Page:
How far in advance do you need to book in leave?
Are there certain busy periods?
Do you need to check with other teammates?
Do you need to check with your manager’s leave?
4. “The conversation.”
Now on to the actual conversation, where you’ll be asking for vacation time.
For me, travel is in my every day… So these conversations happened during my regular catch-ups with my boss.
It’s good form to give as much notice before you intend to take leave. This way, work can be planned around your absence.
This depends on where you work and how much notice is needed.
It’s all in the framing
If you’re taking off a couple of days around a public holiday, frame it as “I was hoping I could take a couple of days off around X public holiday.”
It also helps to mention how the office is usually slow around public holidays as other people are likely taking leave too.
If you’re not taking leave around a public holiday, then it’s best to word the conversation around taking your mandated vacation time.
If you’ve planned it to fall during the quiet period or around the team’s leave, also mention that too.
After all – you’ve taken into consideration business needs!
Thoughtfullness during this conversation is super helpful, as it shows you care about your team and the work that you do!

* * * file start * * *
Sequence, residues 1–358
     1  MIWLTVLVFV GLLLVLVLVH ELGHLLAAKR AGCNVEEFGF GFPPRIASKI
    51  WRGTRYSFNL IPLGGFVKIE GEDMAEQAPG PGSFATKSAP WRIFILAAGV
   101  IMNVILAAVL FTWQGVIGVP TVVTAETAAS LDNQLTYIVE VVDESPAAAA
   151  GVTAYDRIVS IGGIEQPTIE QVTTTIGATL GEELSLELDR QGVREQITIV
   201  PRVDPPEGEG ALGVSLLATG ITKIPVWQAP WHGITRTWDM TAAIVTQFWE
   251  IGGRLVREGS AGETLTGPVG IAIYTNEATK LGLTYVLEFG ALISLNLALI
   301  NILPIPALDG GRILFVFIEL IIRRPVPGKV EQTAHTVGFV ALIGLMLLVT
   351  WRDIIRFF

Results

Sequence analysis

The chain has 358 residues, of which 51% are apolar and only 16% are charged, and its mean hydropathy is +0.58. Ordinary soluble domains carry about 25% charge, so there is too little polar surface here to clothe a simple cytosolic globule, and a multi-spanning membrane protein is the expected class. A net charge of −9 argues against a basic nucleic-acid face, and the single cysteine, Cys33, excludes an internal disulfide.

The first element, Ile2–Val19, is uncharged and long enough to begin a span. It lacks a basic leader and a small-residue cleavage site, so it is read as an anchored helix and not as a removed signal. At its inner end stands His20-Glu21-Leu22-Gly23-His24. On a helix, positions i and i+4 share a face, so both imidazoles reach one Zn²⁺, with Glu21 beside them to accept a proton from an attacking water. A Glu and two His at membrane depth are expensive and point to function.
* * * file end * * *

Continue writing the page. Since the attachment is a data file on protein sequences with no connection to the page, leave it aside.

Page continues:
If you haven’t already, check with your manager whether they’re taking leave around that time
Every business is different, but the team I was in always had one team member around at any given time.
You want to make sure you’re taking in consideration your work needs when you’re planning your leave and super busy periods.
It depends on your business – if there are certain times of year that are blacklisted, don’t propose leave during this time!
Discuss or propose what you’ll do to minimize work for your teammates
If you know you’ll need your manager or teammate to cover something while you’re gone, it always helps to be prepared in the discussion to mention what you will do to make this as easy as possible.
It may be too early to know (i.e. your planned leave may not be for months) but it always helps to mention you’ll do X, Y, Z before you go so your boss knows you’re not going to leave the team in the lurch.
5. Taking leave is part of work-life balance
It’s important to spend time with family or to relax by yourself.
As someone who has traveled a bucket load, I always managed to approach the topic of taking leave without sacrificing my career progression.
If you want to lead a life of travel AND keep your full-time job, make sure you:
- Check out the team you’re about to join to see how flexible they are
- Prepare before you ask your manager:
- How much notice do they need?
- Are there certain times of year you need to avoid?
- Do you have to make sure you don’t take leave at the same time as your teammates/boss?
- And before you go, make sure you tie up all loose ends and make your teammates and manager’s life easier when you’re gone!
Asking for vacation time without annoying your manager can be done – it takes a bit of preparation and an open channel of communication.
If you do a good job at work, chances are your boss will be all too happy for you to take that much needed time off!